Light-duty natural gas vehicles (NGVs) are proven in the global market, with over 14 million in use around the world today. In the U.S., natural gas is already being widely-used as a cleaner, safer fuel for transit, school buses, and refuse truck fleets. Now that natural gas prices are projected to remain low and stable for decades to come, NGVs are well-positioned and have the potential for mass-market adoption by light-duty fleets and ultimately consumers across the country.
Drivers of NGVs can typically save 40% or more on fuel costs compared to gasoline, and have reduced maintenance costs with the use of a cleaner-burning fuel. NGVs are available today in both dedicated and bi-fuel and with vehicles that provide both utility and functionality, making them a low-cost and practical clean-fuel solution.
Every time you choose an NGV, you will be reducing your fuel costs while helping to strengthen the economy, contributing to a cleaner environment, and improving America’s national security.
Stronger Economy: New drilling technologies have unlocked an estimated 100 years of natural gas resources in the US creating hundreds of thousands of jobs in the process. Using this domestic resource to replace imported oil for transportation supports American workers, reduces the trade deficit, and strengthens the economy.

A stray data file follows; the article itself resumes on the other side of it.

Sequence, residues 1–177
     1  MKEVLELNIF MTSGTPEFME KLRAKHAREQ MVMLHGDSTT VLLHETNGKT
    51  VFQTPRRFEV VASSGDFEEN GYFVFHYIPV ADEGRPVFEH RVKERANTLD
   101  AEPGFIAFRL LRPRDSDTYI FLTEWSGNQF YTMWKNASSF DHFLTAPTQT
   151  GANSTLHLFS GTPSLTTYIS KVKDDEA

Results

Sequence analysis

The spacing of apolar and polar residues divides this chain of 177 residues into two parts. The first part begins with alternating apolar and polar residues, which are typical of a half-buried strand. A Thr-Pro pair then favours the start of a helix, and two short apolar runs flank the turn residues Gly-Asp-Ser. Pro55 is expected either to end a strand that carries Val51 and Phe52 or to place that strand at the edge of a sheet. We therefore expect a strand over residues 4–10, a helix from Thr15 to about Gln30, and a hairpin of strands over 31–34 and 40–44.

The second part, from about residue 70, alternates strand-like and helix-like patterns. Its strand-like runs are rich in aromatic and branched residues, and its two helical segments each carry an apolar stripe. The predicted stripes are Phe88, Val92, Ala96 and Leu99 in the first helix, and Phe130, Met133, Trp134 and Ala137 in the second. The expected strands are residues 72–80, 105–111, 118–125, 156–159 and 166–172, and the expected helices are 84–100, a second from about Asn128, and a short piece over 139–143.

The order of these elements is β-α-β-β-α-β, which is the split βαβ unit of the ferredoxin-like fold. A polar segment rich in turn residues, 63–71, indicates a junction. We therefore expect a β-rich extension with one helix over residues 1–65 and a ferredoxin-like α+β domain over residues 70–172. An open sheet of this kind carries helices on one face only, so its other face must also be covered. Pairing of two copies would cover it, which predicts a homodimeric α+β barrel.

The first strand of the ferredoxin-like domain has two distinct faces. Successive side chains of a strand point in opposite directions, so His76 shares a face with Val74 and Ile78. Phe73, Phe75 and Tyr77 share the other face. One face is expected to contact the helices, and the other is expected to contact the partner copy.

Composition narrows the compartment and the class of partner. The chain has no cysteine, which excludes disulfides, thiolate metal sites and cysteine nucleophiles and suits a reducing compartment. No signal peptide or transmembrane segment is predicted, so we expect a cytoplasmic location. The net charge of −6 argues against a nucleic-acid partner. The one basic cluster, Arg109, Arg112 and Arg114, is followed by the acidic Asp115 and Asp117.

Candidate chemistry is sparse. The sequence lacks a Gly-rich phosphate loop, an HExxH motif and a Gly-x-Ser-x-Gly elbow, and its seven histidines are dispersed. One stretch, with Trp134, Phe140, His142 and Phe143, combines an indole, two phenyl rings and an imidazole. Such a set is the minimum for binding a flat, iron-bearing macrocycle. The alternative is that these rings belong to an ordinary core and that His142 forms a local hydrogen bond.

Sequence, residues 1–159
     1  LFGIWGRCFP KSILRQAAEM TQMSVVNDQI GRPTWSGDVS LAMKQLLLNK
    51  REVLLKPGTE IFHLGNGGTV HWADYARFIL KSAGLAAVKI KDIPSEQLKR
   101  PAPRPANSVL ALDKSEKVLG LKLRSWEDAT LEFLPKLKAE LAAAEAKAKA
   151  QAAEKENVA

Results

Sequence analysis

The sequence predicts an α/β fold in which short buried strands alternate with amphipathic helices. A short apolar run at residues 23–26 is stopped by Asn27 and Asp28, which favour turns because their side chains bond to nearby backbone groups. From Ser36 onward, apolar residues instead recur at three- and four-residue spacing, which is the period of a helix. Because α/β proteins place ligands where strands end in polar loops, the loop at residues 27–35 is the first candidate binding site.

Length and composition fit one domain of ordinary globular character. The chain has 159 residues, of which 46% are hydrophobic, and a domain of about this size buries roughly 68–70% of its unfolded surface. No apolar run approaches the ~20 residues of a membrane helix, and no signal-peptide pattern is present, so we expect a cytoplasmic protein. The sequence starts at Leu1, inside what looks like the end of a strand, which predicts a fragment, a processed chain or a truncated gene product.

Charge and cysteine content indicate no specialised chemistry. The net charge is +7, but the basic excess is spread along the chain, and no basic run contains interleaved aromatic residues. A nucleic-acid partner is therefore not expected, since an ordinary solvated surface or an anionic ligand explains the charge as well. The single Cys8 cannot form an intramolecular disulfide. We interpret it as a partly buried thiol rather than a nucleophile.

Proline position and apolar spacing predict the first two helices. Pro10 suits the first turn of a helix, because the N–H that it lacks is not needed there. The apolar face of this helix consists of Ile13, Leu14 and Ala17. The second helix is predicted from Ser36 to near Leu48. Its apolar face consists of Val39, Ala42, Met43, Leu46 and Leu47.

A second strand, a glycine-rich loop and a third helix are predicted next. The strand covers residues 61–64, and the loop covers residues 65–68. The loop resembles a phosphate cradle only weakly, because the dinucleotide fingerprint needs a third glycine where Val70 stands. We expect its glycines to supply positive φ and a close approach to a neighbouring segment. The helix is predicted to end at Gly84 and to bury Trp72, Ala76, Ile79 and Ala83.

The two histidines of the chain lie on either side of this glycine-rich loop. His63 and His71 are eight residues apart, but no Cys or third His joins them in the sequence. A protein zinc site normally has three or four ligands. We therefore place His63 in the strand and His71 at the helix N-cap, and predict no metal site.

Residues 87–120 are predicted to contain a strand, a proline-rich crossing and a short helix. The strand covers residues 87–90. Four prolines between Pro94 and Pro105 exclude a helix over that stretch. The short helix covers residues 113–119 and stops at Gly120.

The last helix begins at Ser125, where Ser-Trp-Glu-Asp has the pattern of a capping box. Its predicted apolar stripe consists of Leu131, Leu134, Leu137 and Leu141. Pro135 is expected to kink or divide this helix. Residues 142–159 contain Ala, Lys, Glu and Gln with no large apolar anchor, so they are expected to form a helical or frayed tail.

Cleaner Air: CNG is the cleanest fossil fuel, providing a reduction of up to 25% in greenhouse gases as compared to gasoline, reducing smog-forming emissions by up to 60%, and dramatically cutting emissions of other harmful pollutants. In the longer term, the development of NGVs and a CNG fueling network will accelerate and lower the costs of a transition to hydrogen, a zero-emission fuel that can be produced from a wide range of sources, including natural gas as well as renewables.
National Security: In addition to strengthening the economy, replacing imported oil with domestic natural gas improves U.S. national security. By reducing our dependence on oil, natural gas can help reduce the international influence of the oil exporters and increase the flexibility of U.S. foreign policy.